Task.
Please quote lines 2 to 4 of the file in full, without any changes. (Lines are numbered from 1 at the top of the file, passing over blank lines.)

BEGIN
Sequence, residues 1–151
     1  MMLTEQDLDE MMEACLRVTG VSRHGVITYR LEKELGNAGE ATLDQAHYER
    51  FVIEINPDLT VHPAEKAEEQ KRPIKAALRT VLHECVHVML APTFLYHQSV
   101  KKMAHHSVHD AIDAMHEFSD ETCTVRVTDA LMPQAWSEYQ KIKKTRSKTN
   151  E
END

     1  MMLTEQDLDE MMEACLRVTG VSRHGVITYR LEKELGNAGE ATLDQAHYER
    51  FVIEINPDLT VHPAEKAEEQ KRPIKAALRT VLHECVHVML APTFLYHQSV
   101  KKMAHHSVHD AIDAMHEFSD ETCTVRVTDA LMPQAWSEYQ KIKKTRSKTN